Commenced in January 2007
Frequency: Monthly
Edition: International
Paper Count: 69207
Changing Pedagogy from Segregation to Inclusion: A Phenomenological Case Study of Ten Special Educators

Authors: Monique Somma

Abstract:

As special education service delivery models are shifting in order to better meet the academic and social rights of students with exceptionalities, teaching practices must also align with these goals. This phenomenological case study explored the change experiences of special education teachers who have transitioned from teaching in a self-contained special education class to an inclusive class setting. Ten special educators who had recently changed their teaching roles to inclusive classrooms, completed surveys and participated in a focus group. Of the original ten educators, five chose to participate further in individual interviews. Data collected from the three methods was examined and compared for common themes. Emergent themes included, support and training, attitudes and perceptions, inclusive practice, growth and change, and teaching practice. The overall findings indicated that despite their special education training, these educators were challenged by their own beliefs and expectations, the attitudes of others and systematic barriers in the education system. They were equally surprised by the overall social and academic performance of students with exceptionalities in inclusive classes, as well as, the social and academic growth and development of the other students in the class. Over the course of their careers, they all identified an overall personal pedagogical shift, to some degree or another, which they contributed to the successful experiences of inclusion they had. They also recognized that collaborating with others was essential for inclusion to be successful. The findings from this study suggest several implications for professional development and training needs specific to special education teachers moving into inclusive settings. Maximizing the skills of teachers with special education experience in a Professional Learning Community (PLC) and mentorship opportunities would be beneficial to all staffs working toward creating inclusive classrooms and schools.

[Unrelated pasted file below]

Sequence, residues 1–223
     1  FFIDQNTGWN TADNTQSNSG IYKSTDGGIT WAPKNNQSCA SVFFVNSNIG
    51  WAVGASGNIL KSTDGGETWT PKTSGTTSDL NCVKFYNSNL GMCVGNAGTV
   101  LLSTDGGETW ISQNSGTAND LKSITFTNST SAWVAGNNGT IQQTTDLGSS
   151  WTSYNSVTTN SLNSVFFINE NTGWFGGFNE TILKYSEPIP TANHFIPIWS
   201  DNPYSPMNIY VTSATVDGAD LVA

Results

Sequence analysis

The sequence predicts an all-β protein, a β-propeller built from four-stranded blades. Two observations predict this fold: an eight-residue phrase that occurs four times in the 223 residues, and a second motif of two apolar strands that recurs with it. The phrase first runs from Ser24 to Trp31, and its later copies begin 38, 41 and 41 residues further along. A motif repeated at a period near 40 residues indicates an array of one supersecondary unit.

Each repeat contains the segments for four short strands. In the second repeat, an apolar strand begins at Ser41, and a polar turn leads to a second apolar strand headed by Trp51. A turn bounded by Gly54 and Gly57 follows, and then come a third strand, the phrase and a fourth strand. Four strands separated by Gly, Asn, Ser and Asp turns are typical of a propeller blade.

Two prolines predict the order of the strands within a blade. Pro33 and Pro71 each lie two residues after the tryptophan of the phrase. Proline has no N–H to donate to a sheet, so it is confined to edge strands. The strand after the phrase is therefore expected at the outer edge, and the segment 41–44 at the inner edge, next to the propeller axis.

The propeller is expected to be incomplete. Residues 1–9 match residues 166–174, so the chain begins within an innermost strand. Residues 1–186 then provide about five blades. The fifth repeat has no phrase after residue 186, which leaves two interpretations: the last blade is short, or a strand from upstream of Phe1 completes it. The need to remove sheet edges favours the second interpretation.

Keywords: attitudes and perceptions, inclusion of students with exceptionalities, special education teachers, teacher change

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